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Modular cytosine base editing promotes epigenomic and genomic modifications


Weischedel, Julian; Higgins, Laurence; Rogers, Sally; Gramalla-Schmitz, Anna; Wyrzykowska, Paulina; Borgoni, Simone; MacCarthy, Thomas; Chahwan, Richard (2024). Modular cytosine base editing promotes epigenomic and genomic modifications. Nucleic Acids Research, 52(2):e8.

Abstract

Prokaryotic and eukaryotic adaptive immunity differ considerably. Yet, their fundamental mechanisms of gene editing via Cas9 and activation-induced deaminase (AID), respectively, can be conveniently complimentary. Cas9 is an RNA targeted dual nuclease expressed in several bacterial species. AID is a cytosine deaminase expressed in germinal centre B cells to mediate genomic antibody diversification. AID can also mediate epigenomic reprogramming via active DNA demethylation. It is known that sequence motifs, nucleic acid structures, and associated co-factors affect AID activity. But despite repeated attempts, deciphering AID’s intrinsic catalytic activities and harnessing its targeted recruitment to DNA is still intractable. Even recent cytosine base editors are unable to fully recapitulate AID’s genomic and epigenomic editing properties. Here, we describe the first instance of a modular AID-based editor that recapitulates the full spectrum of genomic and epigenomic editing activity. Our ‘Swiss army knife’ toolbox will help better understand AID biology per se as well as improve targeted genomic and epigenomic editing.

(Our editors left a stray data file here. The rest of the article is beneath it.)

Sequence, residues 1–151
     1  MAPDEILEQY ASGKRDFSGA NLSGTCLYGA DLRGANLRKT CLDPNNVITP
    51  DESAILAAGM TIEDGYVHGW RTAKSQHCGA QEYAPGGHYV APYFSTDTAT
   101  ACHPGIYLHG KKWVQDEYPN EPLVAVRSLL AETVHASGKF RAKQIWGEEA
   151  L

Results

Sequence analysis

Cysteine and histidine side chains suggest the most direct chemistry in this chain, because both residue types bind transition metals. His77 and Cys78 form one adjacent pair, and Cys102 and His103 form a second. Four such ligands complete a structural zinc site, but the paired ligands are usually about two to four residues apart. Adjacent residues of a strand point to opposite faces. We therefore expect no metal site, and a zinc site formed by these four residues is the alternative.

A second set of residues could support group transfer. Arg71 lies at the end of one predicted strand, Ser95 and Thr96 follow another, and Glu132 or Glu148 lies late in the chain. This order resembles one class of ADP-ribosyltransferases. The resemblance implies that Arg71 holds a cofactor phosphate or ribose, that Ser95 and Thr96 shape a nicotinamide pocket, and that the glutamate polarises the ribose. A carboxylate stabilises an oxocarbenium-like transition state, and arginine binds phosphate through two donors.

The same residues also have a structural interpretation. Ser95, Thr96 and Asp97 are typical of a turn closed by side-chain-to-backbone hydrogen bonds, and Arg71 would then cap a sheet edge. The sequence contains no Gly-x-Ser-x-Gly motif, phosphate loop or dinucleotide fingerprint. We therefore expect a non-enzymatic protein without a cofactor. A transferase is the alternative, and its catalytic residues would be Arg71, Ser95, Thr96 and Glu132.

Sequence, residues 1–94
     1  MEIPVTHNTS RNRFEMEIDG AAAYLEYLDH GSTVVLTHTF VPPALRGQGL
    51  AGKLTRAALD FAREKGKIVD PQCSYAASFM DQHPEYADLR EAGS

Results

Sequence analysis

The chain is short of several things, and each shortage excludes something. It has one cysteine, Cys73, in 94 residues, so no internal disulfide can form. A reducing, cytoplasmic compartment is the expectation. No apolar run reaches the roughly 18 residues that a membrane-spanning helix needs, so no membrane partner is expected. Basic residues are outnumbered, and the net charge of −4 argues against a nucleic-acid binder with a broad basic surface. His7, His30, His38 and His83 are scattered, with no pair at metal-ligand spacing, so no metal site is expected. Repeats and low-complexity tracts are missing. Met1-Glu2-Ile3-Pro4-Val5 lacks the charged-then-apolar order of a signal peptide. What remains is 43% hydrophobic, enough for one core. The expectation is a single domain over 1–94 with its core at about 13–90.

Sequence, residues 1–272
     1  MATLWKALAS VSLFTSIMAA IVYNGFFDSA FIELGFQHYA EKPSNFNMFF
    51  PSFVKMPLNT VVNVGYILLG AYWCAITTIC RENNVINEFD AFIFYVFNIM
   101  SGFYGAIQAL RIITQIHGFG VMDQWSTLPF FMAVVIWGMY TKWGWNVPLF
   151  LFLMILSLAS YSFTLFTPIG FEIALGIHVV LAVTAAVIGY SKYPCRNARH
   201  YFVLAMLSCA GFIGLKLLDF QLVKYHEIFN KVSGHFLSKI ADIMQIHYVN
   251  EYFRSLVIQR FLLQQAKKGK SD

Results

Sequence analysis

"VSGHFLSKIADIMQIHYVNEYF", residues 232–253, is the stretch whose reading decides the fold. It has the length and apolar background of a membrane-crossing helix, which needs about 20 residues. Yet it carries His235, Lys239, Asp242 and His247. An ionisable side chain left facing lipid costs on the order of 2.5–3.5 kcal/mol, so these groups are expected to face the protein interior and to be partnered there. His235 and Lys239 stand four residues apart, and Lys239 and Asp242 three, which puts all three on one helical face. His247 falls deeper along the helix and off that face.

Abstract

Prokaryotic and eukaryotic adaptive immunity differ considerably. Yet, their fundamental mechanisms of gene editing via Cas9 and activation-induced deaminase (AID), respectively, can be conveniently complimentary. Cas9 is an RNA targeted dual nuclease expressed in several bacterial species. AID is a cytosine deaminase expressed in germinal centre B cells to mediate genomic antibody diversification. AID can also mediate epigenomic reprogramming via active DNA demethylation. It is known that sequence motifs, nucleic acid structures, and associated co-factors affect AID activity. But despite repeated attempts, deciphering AID’s intrinsic catalytic activities and harnessing its targeted recruitment to DNA is still intractable. Even recent cytosine base editors are unable to fully recapitulate AID’s genomic and epigenomic editing properties. Here, we describe the first instance of a modular AID-based editor that recapitulates the full spectrum of genomic and epigenomic editing activity. Our ‘Swiss army knife’ toolbox will help better understand AID biology per se as well as improve targeted genomic and epigenomic editing.

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Additional indexing

Item Type:Journal Article, refereed, original work
Communities & Collections:04 Faculty of Medicine > Institute of Experimental Immunology
08 Research Priority Programs > Translational Cancer Research
Dewey Decimal Classification:570 Life sciences; biology
610 Medicine & health
Uncontrolled Keywords:Genetics
Language:English
Date:25 January 2024
Deposited On:31 Jan 2024 09:25
Last Modified:30 Jun 2024 01:38
Publisher:Oxford University Press
ISSN:0305-1048
OA Status:Gold
Free access at:Publisher DOI. An embargo period may apply.
Publisher DOI:https://doi.org/10.1093/nar/gkad1118
PubMed ID:37994786
Project Information:
  • : FunderFP7
  • : Grant ID241309
  • : Project TitleDEMOYS - Dense membranes for efficient oxygen and hydrogen separation
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  • : FunderTranslational Cancer Research
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  • : FunderSwiss Excellence Scholarship
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  • : FunderFunctional Genomics Center Zurich
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  • : FunderETH Zurich
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  • Content: Published Version
  • Language: English
  • Licence: Creative Commons: Attribution 4.0 International (CC BY 4.0)